The potager shed

The potager shed

Hi.

Welcome to my blog. This is just my personal garden and food diary. I’m a flexitarian, vegetarian at home, but more flexible when with friends. I’m trying to grow our own food so we leave a lighter footprint on this precious planet.

Over the past six years I have been transforming a one acre former vineyard on a steep hill into a garden. There are distinct areas; an 80m2 vegetable garden, a small orchard, a pond and a sunken path flanked by two long mixed borders.

We are in a small hamlet near Faugères in the Occitanie (formerly Languedoc) region of France. Our soil is rocky schist. Summer temperatures can reach 40℃ and in winter sink as low as -10℃. Water comes rarely but is diluvial when it does.

Lizzie

Hexagonal planting

Hexagonal planting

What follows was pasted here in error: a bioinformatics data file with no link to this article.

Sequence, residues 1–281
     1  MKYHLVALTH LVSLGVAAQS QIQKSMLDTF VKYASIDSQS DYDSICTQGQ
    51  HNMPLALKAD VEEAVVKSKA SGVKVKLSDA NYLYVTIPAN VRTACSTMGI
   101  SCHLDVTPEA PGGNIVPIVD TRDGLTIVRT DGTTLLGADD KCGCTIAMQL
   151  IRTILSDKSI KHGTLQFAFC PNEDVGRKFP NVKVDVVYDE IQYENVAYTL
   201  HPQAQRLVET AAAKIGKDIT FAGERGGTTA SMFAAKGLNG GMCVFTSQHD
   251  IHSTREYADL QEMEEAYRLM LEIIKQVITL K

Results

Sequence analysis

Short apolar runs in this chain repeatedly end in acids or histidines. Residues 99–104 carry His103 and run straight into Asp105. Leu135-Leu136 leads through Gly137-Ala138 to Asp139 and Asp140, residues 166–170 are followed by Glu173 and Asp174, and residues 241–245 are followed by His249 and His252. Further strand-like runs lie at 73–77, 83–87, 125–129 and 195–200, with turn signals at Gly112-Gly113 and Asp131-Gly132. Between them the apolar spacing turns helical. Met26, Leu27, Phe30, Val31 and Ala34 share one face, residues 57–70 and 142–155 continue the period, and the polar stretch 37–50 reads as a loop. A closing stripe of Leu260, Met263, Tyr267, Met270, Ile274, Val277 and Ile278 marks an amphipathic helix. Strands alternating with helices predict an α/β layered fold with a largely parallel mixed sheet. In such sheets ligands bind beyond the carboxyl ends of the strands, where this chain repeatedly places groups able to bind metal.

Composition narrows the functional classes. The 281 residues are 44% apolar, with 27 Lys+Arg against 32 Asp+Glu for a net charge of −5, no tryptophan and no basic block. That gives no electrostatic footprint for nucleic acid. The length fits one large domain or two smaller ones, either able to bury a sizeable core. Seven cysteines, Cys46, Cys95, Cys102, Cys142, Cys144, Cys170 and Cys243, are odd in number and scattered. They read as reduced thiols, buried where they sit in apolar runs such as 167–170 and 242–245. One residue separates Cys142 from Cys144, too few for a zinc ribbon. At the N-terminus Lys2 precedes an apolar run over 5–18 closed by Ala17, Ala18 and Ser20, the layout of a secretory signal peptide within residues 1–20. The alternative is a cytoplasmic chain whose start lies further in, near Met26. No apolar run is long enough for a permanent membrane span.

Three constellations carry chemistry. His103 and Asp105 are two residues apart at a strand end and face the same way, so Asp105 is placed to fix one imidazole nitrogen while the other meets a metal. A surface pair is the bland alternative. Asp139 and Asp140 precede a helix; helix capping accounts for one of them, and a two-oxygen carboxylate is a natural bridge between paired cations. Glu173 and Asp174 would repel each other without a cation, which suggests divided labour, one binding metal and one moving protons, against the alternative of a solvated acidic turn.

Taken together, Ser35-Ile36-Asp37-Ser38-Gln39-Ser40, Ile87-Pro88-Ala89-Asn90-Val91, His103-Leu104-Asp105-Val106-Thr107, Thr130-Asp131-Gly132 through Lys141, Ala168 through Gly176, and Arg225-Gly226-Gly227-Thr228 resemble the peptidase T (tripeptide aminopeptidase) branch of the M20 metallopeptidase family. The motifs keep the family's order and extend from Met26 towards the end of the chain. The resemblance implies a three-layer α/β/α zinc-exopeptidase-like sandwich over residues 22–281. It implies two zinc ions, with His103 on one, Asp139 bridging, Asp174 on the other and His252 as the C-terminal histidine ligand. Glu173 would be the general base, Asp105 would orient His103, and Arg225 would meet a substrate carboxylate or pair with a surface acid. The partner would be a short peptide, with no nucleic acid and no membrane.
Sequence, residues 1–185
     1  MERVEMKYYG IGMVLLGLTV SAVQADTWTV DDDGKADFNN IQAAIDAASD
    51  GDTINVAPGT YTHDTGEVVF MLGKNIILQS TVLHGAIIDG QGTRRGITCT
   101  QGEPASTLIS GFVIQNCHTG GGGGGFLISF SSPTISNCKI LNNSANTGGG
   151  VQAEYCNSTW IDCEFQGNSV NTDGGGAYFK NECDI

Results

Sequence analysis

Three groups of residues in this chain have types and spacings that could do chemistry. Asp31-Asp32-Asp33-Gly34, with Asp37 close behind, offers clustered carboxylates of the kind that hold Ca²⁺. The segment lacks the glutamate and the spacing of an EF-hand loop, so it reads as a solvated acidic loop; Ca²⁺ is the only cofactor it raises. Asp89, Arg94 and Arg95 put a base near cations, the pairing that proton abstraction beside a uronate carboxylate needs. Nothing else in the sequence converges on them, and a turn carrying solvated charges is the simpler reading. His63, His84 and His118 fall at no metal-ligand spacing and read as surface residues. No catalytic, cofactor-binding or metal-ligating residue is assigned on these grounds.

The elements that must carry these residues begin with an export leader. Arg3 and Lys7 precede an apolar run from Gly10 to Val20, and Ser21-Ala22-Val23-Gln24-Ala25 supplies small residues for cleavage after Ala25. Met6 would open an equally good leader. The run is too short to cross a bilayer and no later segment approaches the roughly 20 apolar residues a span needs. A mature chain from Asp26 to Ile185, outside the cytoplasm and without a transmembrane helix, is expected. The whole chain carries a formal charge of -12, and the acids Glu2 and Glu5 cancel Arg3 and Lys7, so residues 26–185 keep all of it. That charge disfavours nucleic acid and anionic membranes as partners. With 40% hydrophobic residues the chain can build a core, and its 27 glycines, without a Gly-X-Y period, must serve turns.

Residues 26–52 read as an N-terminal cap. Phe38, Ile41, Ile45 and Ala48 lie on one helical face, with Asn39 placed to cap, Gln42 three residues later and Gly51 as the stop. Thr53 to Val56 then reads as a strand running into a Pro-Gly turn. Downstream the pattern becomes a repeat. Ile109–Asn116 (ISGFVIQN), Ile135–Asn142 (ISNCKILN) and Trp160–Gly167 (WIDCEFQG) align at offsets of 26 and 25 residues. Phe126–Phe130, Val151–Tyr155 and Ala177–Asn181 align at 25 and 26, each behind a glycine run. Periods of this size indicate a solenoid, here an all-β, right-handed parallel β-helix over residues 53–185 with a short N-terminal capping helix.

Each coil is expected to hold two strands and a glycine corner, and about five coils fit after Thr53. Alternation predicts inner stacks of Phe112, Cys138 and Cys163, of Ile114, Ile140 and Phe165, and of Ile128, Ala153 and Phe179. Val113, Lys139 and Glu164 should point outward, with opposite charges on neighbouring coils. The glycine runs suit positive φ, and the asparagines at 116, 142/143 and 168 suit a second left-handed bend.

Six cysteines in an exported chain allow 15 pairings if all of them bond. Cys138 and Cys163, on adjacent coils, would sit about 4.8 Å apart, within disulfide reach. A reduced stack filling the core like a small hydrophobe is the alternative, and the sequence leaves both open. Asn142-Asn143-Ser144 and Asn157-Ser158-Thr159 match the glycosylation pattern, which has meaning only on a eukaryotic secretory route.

Supposing you have 32 plants to put in a square bed. You’d plant them in rows normally wouldn’t you? It makes for easy hoeing, keeps everything orderly and that’s what everyone’s always done.

However, if you were to plant them in a hexagonal pattern you’d get the same number of plants in the space, but each plant would have more room to grow until it encroached on the plants beside it. This makes for bigger plants from that wonderful compost you’ve given them. Furthermore, their leaves would create a natural shade over the soil below resulting in less evaporation. Hoeing is no more difficult, you just have to do it on the diagonal instead of straight up and down. Why not give it a whirl and see if my theory holds true?

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It’s difficult to see in this photograph because there are several different types of lettuce, all different colours and ages too. However, you can see that as each one grows it will have good space to grow into and once fully grown you won’t see the soil beneath at all.

Today I was listening to Engleby by Sebastian Faulks. Excellent listening.

Beetroot, peanut & avocado wrap

Beetroot, peanut & avocado wrap

Basil tip

Basil tip